I was working for European Nuclear Disarmament Journal, the organ of the neither-Washington-nor-Moscow British peaceniks, at a big conference in west Berlin of east European dissidents and west European anti-nuclear activists, libertarian leftists and greens, organised by the city’s Alternative List (the local green left).
The cold war was beginning to thaw, and the Hungarian and Polish communist regimes had allowed some high-profile dissidents out for the conference. But the east Germans had not. So, as an act of solidarity with our east German comrades, some of us made a point of crossing over to east Berlin to meet them.
The get-together I went to was in Bärbel Bohley’s apartment. She had been a founder of an independent feminist pacifist group a couple of years before and had been blacklisted and jailed for taking a public stance against the communist authorities. But here she was holding open house for fellow free sprits – 20 or so east Berlin dissidents, a handful of western sympathisers – in flagrant disregard of the consequences.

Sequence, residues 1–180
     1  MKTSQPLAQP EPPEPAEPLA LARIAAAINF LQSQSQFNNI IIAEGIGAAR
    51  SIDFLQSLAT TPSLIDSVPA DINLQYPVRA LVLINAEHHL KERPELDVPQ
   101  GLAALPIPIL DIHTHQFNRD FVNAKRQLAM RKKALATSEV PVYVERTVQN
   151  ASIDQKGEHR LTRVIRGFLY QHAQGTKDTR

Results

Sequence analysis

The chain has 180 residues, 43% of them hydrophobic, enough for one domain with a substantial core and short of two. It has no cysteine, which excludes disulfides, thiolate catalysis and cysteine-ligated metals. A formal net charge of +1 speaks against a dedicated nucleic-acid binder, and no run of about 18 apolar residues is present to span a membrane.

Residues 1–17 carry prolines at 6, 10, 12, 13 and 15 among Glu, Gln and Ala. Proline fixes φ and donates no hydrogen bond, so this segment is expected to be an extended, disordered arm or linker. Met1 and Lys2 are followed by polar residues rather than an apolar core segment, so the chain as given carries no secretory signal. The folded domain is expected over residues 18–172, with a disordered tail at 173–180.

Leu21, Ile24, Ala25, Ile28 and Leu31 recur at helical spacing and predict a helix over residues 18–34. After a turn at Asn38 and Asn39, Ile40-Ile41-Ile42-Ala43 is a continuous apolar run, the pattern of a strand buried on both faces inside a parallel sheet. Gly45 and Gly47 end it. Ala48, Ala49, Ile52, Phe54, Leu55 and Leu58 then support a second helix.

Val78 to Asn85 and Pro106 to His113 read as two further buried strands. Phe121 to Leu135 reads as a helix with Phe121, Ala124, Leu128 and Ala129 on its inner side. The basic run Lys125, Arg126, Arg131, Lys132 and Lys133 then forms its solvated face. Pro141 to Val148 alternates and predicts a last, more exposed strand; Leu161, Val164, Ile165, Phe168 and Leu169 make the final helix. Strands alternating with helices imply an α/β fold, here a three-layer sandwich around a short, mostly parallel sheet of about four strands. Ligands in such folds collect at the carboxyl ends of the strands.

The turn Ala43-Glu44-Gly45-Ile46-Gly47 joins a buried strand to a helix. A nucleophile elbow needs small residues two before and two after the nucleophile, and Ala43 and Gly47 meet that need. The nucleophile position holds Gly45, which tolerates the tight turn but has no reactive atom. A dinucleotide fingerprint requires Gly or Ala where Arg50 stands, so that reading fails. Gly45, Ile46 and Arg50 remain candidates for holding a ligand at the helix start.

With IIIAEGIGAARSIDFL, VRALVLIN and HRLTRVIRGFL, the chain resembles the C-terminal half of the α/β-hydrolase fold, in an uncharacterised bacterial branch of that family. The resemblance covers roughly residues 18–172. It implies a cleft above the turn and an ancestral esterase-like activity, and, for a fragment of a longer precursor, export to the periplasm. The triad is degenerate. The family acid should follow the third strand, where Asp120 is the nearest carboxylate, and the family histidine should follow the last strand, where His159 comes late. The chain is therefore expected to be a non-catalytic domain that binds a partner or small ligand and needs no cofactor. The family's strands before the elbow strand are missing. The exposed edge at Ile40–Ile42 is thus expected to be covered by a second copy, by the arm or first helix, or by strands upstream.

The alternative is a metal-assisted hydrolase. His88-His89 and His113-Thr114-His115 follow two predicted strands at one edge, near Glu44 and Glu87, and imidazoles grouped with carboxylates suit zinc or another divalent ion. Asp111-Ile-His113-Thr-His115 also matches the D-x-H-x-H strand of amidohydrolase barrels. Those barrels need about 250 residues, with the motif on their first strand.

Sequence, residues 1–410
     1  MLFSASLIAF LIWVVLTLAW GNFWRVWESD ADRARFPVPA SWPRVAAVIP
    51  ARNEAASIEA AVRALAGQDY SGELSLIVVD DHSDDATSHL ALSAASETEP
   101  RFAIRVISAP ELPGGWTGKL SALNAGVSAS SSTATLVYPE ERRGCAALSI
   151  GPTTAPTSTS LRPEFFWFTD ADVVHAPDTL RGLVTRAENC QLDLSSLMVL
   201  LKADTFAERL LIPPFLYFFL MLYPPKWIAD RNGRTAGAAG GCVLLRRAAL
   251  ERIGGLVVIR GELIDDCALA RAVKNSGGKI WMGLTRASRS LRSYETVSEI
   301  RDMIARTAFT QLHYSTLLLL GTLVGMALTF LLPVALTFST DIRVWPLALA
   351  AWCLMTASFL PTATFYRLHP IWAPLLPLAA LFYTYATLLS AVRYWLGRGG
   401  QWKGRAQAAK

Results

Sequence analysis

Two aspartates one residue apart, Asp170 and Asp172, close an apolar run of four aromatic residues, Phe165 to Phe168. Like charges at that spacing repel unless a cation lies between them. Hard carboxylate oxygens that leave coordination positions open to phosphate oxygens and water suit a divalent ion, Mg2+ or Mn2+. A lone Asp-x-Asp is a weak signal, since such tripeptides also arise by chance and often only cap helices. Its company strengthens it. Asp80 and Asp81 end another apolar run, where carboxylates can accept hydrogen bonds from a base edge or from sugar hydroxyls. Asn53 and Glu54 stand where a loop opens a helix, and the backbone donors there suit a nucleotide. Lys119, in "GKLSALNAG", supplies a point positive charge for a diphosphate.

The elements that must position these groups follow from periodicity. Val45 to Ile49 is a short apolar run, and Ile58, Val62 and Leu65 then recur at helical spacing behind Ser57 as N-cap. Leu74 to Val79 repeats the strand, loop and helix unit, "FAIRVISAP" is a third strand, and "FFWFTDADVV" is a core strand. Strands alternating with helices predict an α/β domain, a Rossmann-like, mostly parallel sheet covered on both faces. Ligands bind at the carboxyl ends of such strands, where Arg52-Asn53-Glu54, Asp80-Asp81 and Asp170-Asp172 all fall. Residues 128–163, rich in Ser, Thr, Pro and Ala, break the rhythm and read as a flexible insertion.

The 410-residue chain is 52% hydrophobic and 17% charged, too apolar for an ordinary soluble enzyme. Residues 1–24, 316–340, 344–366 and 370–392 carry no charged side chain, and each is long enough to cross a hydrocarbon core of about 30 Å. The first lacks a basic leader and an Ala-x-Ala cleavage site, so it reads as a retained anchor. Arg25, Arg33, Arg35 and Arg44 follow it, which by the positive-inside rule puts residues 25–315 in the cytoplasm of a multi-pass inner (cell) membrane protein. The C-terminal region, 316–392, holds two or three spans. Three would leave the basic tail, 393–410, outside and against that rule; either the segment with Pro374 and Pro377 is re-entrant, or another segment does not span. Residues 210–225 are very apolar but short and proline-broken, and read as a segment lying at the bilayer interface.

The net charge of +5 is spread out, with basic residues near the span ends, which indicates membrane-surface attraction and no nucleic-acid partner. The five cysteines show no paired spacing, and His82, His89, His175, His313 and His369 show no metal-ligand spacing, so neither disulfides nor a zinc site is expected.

The evening was one of booze, fags, flirting and black humour – the recurrent joke, which she started, was the identity of the Stasi informer or informers at the party. Afterwards, my friends and I staggered back through darkened streets to catch the last U-Bahn to the west. We were stopped and interrogated briefly by the police at the station checkpoint, but I didn’t think anything of it. Fifteen years later I discovered that the evening’s reveleries had earned me a Stasi file.
Bohley became one of the key players in Neues Forum, the dissident group that turned into the movement that brought down the east German communist dictatorship in 1989. She and her comrades were in essence the last and most radical of the reform communists, though I don't think they would have put it that way. Whatever, their dream of a completely democratised east German “socialism with a human face” was radically at odds with the desire of most of their fellow citizens to join the federal republic (and the dream of capitalist affluence) as soon as possible. But they played a massive role in 1989, and their steadfastness and bravery in the face of a brutal police state should never be forgotten. Bohley was a real heroine.
- David Childs has an obituary in the Independent here.